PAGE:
BGSU digital arts students combat climate change using animation
Animated public service announcements promote missions of environmental groups
Animation may play a role in combating a climate disaster. Students in a Bowling Green State University digital arts course put their skills to good work to help three environmental organizations put a creative twist on environmental issues.
Students in Bonnie Mitchell’s Collaborative Digital Art Development class in the School of Art created animated public service announcements about plastic pollution, clean energy community action and filtering agricultural runoff to mitigate climate change. The animated PSAs were designed to help Algalita, Ohio Citizen Action Group and the Black Swamp Conservancy
“How do we help these organizations communicate their message in a manner that is appealing and effective?” Mitchell asked her students.
To solve this problem, they needed to understand more about the environment including the scientific, political and social issues related to each organization’s specific problem. The organizations each presented a lecture via Zoom, and the students completed additional research and proposed ideas in the form of storyboards to the clients.
After the organizations selected the proposal that best communicated their message, the students had to solve issues from technical to conceptual before they created the animated public service announcements.
They self-divided into four teams of four to five students that Mitchells called her “Dream Teams” because of their creativity, motivation and problem-solving skills. Team leaders John Fowler, David Bloom, Noah Diehl and Felix Bangert each volunteered to lead a team and oversee the progress, and many students helped out in more than one group.
The students discussed their strengths and weaknesses and used project management software to distribute the tasks. They used Zoom, Discord and other means of communication to keep everyone informed. Some students created the voice narration and sound effects, while others animated, designed background sand characters, created infographics or did the post-production work.
Additional team members included Savannah Baileys, Kiriana Byrd, Ally Henlein, Claudia Hoerr, Alexa Majahan, Carl Nothrup, Sara Pescosolido, Kiarra Reynolds, Megan Smith and Tynea Swinton. They represented digital arts and biology majors, ranging from sophomores to seniors.
Because of COVID-19, students had to work remotely, which created another challenge this year. Collaboration and communication were critical to the students’ success this year.
The class created two different animated public service announcements for the Black Swamp Conservancy, one about wetlands and a second about inhabitants of the Black Swamp. For Algalita, which focuses on plastic pollution, the PSA addresses a fundamental shift in the way people think about plastic rather than the more traditional effort to pick plastic trash out of the sea. The Ohio Citizen Action announcement looks at organizing and empowering people to advocate for public interests such as public health, environmental and equity issues and a sustainable future.
The animations will be posted on the organizations' social media sites and used to educate, incite action and change people’s belief systems. The goal of each organization and Mitchell’s students is to create a better future for everyone.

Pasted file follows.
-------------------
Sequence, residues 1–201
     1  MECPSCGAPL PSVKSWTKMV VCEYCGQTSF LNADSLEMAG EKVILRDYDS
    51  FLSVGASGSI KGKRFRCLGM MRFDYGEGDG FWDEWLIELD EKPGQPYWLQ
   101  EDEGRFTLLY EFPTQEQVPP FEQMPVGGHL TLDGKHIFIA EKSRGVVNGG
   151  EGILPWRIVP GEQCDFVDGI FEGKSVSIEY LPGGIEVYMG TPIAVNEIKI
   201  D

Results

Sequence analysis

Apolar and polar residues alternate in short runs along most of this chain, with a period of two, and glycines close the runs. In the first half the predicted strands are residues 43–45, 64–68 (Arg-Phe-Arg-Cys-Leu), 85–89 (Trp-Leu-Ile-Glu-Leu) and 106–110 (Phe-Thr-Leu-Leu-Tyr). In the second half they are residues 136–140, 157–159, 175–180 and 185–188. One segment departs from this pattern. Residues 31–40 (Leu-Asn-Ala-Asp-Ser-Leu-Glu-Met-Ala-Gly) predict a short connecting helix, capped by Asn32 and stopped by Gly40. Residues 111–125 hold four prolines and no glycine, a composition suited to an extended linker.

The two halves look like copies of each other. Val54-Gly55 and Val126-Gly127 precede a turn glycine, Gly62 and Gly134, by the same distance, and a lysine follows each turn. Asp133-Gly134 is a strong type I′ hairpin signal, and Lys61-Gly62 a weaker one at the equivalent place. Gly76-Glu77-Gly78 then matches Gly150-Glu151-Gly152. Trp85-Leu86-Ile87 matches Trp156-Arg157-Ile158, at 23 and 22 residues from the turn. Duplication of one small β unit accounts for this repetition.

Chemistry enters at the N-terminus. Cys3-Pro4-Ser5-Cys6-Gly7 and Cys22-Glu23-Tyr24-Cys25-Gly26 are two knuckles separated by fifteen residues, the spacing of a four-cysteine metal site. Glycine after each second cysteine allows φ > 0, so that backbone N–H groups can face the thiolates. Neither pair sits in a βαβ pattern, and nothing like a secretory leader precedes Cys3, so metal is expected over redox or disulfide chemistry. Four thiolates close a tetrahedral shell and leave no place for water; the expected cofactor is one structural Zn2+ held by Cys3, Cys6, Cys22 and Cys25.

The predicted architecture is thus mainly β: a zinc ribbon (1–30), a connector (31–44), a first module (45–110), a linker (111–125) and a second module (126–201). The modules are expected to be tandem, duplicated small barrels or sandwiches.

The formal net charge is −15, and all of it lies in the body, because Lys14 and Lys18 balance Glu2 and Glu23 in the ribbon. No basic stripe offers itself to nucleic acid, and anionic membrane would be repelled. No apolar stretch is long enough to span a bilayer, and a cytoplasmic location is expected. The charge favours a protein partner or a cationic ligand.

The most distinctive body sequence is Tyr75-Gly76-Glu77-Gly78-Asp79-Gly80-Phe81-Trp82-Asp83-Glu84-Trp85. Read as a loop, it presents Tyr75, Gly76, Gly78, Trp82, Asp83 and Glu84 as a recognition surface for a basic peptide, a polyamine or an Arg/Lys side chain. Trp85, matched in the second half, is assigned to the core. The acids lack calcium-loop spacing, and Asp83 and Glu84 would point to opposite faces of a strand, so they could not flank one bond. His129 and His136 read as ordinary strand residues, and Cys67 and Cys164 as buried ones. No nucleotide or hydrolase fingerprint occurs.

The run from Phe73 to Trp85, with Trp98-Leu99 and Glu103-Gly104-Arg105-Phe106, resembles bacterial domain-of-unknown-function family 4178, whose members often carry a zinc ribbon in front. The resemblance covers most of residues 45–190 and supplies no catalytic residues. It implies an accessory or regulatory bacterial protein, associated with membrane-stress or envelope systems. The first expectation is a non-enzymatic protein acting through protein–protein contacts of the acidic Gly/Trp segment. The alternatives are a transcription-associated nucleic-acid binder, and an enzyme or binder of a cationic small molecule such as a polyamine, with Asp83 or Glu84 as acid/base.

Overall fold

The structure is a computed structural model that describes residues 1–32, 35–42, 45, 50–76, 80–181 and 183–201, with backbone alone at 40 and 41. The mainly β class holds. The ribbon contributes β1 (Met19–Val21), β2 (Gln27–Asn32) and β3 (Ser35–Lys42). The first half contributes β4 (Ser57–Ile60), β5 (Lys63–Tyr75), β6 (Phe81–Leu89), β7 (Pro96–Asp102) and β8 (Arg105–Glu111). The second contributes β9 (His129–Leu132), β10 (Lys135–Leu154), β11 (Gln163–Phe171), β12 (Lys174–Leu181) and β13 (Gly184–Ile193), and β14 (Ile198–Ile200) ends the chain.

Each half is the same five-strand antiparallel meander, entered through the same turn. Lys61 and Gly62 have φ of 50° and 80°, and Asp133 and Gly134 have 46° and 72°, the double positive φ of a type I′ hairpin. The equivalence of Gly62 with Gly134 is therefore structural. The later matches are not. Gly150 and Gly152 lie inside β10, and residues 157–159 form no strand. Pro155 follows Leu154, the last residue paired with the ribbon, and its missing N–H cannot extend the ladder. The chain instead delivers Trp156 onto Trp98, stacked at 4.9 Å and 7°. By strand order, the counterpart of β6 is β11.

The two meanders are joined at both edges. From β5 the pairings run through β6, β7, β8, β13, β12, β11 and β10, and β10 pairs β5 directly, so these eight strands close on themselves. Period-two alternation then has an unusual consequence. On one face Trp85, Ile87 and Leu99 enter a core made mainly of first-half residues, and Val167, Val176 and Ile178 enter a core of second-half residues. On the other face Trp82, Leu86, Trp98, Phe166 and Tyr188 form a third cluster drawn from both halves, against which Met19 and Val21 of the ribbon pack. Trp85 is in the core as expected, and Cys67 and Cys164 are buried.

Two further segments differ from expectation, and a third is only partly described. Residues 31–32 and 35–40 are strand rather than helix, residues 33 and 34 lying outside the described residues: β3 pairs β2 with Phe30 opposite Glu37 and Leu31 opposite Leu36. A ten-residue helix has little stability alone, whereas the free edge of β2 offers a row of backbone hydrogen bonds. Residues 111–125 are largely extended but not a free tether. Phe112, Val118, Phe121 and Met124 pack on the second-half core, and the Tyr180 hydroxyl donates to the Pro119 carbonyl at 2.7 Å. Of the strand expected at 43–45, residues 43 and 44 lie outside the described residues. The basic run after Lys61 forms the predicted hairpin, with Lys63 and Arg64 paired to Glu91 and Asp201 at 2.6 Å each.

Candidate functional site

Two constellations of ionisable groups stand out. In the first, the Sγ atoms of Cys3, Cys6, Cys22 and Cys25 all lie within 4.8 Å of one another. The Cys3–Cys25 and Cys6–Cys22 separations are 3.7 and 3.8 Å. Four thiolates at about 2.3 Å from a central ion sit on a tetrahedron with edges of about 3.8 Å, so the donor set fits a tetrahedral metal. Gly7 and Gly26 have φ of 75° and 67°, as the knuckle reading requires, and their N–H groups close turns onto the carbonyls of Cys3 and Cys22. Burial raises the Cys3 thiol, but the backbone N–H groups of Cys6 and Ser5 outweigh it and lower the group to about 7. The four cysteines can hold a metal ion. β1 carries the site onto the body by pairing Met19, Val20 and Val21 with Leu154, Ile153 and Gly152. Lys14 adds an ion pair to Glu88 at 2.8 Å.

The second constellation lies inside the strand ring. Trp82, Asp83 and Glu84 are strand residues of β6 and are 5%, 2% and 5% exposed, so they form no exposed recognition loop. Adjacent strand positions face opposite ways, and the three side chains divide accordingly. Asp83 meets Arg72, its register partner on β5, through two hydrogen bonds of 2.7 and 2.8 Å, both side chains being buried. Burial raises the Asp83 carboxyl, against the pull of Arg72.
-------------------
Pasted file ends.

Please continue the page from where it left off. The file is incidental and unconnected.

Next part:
“Each year the animated public service announcements keep getting better and better,” said Rob Krain, director of the Black Swamp Conservancy and a BGSU alumnus. He has been instrumental in leading local environmental restoration efforts in northwest Ohio and has been involved in the collaborative class in previous years
“What stands out most about this group of students is their positive attitude and desire to use art to make a positive impact on the world. It has been an honor to work with such talented students and to see them mature into professionals that care deeply about their work, the clients and the other students in the class,” Mitchell said.
“They used their drawing skills to design backgrounds and characters and their understanding of human behavior and motion to make the drawings come alive.”
Additionally, they used a variety of software packages and had to problem-solve their way out of bugs in the software, unfamiliar features, computer crashes, competing deadlines and other critical issues.
“Throughout the process, they learned an immense amount and gained confidence in their ability to tackle any problem,” she said.
“Critical thinking and problem-solving skills are some of the most sought-after career-ready competencies,” Mitchell said, citing the National Association of Colleges and Employers Job Outlook 2019 survey. The class also focuses on collaboration and methods of working as a team to accomplish a major task, the No. 2 most important career readiness skill, according to the same survey.
“This type of class provides both classroom and hands-on experience developing these types of skills.”
For the past three years, Mitchell has used the class to partner with various environmental groups to address environmental issues. The projects have always aligned with the University’s focus as a public university for the public good. In addition to the organizations involved in the spring 2021 projects, the class has engaged in service-learning projects for organizations, including NASA, the Toledo Opera, Green Energy Ohio, BGSU Office of Campus Sustainability, Fresh Water Futures, Sierra Club Ohio Chapter, Citizen Climate Lobby and Green America.
In 2019, the class was awarded BGSU’s Kurt E. Hofmeister Outstanding Student Group Award for exemplary community-based learning experiences.